Surviving Critical Times Hard To Deal With

Tuesday, January 03, 2006

The State of The Disorganization Nation

So This Is How The System Disintegrates?
Greed is good, not...
The Jack Abramoff Scandal "The Greatest Scandal in the History of Congress". At least the folks over at Think Progress think so.

It is pretty wild.

Yikes, if you want an even scarier take on the Abramoff scandal visit Warning, not for the faint of heart. It was too scary for me so I wimped out and stopped reading. Hey, there is only so much a mind can take. Skip to sections below for cheery news.

On a side note it sure is interesting to to see how Abramoff and his minions talked to each other in private especially his take on his Indian tribal clients and the republican evangelical Christian base. Below are excerpts from the New York Times

Speaking of a contract Scalon ask Abramoff, ''Did we win it?''''The [expletive] troglodytes didn't vote on you today,'' Abramoff responded. ''What's a troglodyte?'' Scanlon asked. (In his early 30's, he had much to learn from his master.) ''What am I, a dictionary? :) It's a lower form of existence, basically,'' Abramoff wrote. ''I like these guys,'' he hastened to add, yet then continued: ''They are plain stupid. . . . Morons.'' Ultimately, the lower life forms would pay Abramoff and Scanlon $14 million -- just a fraction of the $66 million the two men's businesses would take in from six different Indian tribes over the next three years. (Abramoff would offer his lobbying services to tribes at relatively modest rates, but then tell them that they couldn't afford not to hire Scanlon, who charged astronomical amounts for his P.R. services and then subcontracted much of the work at budget rates; he also supposedly kicked back millions to Abramoff.) By last September, however, the ride was over. That's when dozens of Abramoff's ''Sopranos''-like e-mail messages were released at a hearing before the United States Senate Committee on Indian Affairs. The e-mail messages, seized from Abramoff's computer, told a story of front groups, secret kickbacks, manipulated tribal elections and political payoffs. ''What sets this tale apart, what makes it truly extraordinary, is the extent and degree of the apparent exploitation and deceit,'' an outraged John McCain said at the hearing. ''Even in this town, where huge sums are routinely paid as the price of political access, the figures are astonishing.'' Nearly as shocking as the sums was the coarseness of the e-mail messages, especially given that Abramoff was a devout Orthodox Jew who presented himself publicly as a man of conservative values. About one tribal client Abramoff had written to Scanlon, ''These mofos are the stupidest idiots in the land for sure.'' In another e-mail message he wrote, ''we need to get some $ from those monkeys!!!!'' Money was always the imperative, the language of his desire strong enough to make the 46-year-old father of five sound like a frat dude in a beer ad: ''Da man! You iz da man! Do you hear me?! You da man!! How much $$ coming tomorrow? Did we get some more $$ in?''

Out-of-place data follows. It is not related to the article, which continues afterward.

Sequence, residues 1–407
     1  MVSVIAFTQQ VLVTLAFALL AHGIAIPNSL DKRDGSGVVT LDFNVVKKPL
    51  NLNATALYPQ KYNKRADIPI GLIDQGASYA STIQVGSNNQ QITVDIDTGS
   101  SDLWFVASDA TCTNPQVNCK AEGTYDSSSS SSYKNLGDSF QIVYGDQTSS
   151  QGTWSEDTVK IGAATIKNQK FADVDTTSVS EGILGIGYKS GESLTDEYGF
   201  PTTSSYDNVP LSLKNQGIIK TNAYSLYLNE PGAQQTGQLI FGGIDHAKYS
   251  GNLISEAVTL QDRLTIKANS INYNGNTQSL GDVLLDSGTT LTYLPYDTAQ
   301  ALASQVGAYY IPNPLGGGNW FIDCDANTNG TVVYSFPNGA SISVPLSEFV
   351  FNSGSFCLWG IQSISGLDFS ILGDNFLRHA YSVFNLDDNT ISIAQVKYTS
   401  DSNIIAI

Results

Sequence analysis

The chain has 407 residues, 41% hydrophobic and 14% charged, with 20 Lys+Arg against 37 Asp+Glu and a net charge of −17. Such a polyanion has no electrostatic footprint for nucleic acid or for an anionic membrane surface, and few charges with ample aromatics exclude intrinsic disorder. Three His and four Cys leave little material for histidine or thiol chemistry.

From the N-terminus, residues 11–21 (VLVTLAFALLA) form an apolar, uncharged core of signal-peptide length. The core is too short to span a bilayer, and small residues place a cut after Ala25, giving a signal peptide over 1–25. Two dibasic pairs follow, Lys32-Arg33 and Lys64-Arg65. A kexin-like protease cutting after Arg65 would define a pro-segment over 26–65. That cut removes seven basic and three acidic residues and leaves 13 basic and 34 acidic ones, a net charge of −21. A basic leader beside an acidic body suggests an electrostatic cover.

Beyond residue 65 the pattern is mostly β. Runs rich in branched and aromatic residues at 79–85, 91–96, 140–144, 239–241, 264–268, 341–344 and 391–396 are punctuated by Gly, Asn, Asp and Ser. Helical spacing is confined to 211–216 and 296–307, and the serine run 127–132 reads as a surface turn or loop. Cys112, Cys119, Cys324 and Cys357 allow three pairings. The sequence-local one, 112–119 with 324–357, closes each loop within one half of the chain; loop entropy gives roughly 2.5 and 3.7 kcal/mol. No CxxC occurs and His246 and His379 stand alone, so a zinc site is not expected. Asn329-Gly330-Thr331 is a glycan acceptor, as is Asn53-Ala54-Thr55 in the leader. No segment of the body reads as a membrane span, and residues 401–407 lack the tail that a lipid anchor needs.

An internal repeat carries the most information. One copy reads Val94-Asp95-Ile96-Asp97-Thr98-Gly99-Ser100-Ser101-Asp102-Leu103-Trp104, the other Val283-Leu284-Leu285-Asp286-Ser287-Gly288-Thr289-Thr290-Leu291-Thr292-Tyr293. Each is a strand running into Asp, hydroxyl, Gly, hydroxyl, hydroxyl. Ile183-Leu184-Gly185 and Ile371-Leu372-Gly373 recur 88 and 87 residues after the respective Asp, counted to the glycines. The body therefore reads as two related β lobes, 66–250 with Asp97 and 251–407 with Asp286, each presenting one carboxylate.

Look at how they describe the evangelicals who support the GOP. "Consider one memo highlighted in a Capitol Hill hearing Wednesday that Scanlon, a former aide to Rep. Tom DeLay, R-Tx., sent the Coushatta Tribe of Louisiana to describe his strategy for protecting the tribe's gambling business. In plain terms, Scanlon confessed the source code of recent Republican electoral victories: target religious conservatives, distract everyone else, and then railroad through complex initiatives. "The wackos get their information through the Christian right, Christian radio, mail, the internet and telephone trees," Scanlon wrote in the memo, which was read into the public record at a hearing of the Senate Indian Affairs Committee. "Simply put, we want to bring out the wackos to vote against something and make sure the rest of the public lets the whole thing slip past them."


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